UEL Baby Dev Lab

Parents Mimic and Influence Their Infant’s Autonomic State through Dynamic Affective State Matching

Wass, S., Smith, C., Clackson, K., Gibb, C., Eitzenberger, J., & Mirza, F. 2019. Current Biology

When we see someone experiencing an emotion, and when we experience it ourselves, common neurophysiological activity occurs [1, 2]. But although inter-dyadic synchrony, concurrent and sequential [3], has been identified, its functional significance remains inadequately understood. Specifically, how do influences of partner A on partner B reciprocally influence partner A? For example, if I am experiencing an affective state and someone matches their physiological state to mine, what influence does this have on me—the person experiencing the emotion? Here, we investigated this using infant-parent dyads. We developed miniaturized microphones to record spontaneous vocalizations and wireless autonomic monitors to record heart rate, heart rate variability, and movement in infants and parents concurrently in naturalistic settings. Overall, we found that infant-parent autonomic activity did not covary across the day—but that “high points” of infant arousal led to autonomic changes in the parent and that instances where the adult showed greater autonomic responsivity were associated with faster infant quieting. Parental responsivity was higher following peaks in infant negative affect than in positive affect. Overall, parents responded to increases in their child’s arousal by increasing their own. However, when the overall arousal level of the dyad was high, parents responded to elevated child arousal by decreasing their own arousal. Our findings suggest that autonomic state matching has a direct effect on the person experiencing the affective state and that parental co-regulation may involve both connecting and disconnecting their own arousal state from that of the child contingent on context.

Anxious parents show higher physiological synchrony with their infants

Smith, C., Jones, E., Charman, T., Clackson, K., Mirza, F., & Wass, S. 2019. Psychological Medicine

Interpersonal processes influence our physiological states and associated affect. Physiological arousal dysregulation, a core feature of anxiety disorders, has been identified in children of parents with elevated anxiety. However, little is understood about how parent–infant interpersonal regulatory processes differ when the dyad includes a more anxious parent.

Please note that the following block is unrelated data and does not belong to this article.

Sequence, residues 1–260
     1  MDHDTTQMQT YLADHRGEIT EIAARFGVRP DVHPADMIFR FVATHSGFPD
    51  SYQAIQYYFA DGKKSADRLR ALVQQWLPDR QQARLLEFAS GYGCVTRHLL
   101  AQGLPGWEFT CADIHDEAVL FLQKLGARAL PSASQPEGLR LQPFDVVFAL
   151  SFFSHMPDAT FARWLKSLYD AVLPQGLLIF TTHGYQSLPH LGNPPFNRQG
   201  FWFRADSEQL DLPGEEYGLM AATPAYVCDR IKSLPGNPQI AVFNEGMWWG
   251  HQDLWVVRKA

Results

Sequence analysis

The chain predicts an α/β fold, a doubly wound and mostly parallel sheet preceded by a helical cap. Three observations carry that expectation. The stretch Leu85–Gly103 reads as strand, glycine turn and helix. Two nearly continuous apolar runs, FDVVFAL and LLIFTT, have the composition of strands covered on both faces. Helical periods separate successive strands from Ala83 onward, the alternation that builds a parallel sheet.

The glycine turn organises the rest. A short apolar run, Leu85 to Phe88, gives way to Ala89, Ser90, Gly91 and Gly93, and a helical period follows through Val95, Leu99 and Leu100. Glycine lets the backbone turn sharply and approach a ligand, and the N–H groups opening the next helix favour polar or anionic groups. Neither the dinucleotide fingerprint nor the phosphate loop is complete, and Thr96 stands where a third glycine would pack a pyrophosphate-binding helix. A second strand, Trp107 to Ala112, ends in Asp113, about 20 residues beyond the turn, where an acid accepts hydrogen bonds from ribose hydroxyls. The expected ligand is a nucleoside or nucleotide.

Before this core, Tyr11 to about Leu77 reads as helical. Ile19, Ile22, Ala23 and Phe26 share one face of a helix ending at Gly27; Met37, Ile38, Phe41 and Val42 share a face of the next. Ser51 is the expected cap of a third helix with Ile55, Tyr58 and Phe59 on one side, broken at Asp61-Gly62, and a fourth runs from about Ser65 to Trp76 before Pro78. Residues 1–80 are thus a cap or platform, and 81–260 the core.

We investigated moment-to-moment fluctuations in arousal within parent-infant dyads using miniaturised microphones and autonomic monitors. We continually recorded arousal and vocalisations in infants and parents in naturalistic home settings across day-long data segments.

Our results indicated that physiological synchrony across the day was stronger in dyads including more rather than less anxious mothers. Across the whole recording epoch, less anxious mothers showed responsivity that was limited to ‘peak’ moments in their child's arousal. In contrast, more anxious mothers showed greater reactivity to small-scale fluctuations. Less anxious mothers also showed behaviours akin to ‘stress buffering’ – downregulating their arousal when the overall arousal level of the dyad was high. These behaviours were absent in more anxious mothers.

Our findings have implications for understanding the differential processes of physiological co-regulation in partnerships where a partner is anxious, and for the use of this understanding in informing intervention strategies for dyads needing support for elevated levels of anxiety.

Infant effortful control mediates relations between nondirective parenting and internalising-related child behaviours in an autism-enriched infant cohort

Smith, C., Jones, E., Wass, S., Pasco, G., Johnson, M., Charman, & Wan, M. 2021. Journal of Autism and Developmental Disorders

Internalising problems are common within Autism Spectrum Disorder (ASD); early intervention to support those with emerging signs may be warranted. One promising signal lies in how individual differences in temperament are shaped by parenting. Our longitudinal study of infants with and without an older sibling with ASD investigated how parenting associates with infant behavioural inhibition (8–14 months) and later effortful control (24 months) in relation to 3-year internalising symptoms. Mediation analyses suggest nondirective parenting (8 months) was related to fewer internalising problems through an increase in effortful control. Parenting did not moderate the stable predictive relation of behavioural inhibition on later internalising. We discuss the potential for parenting to strengthen protective factors against internalising in infants from an ASD-enriched cohort.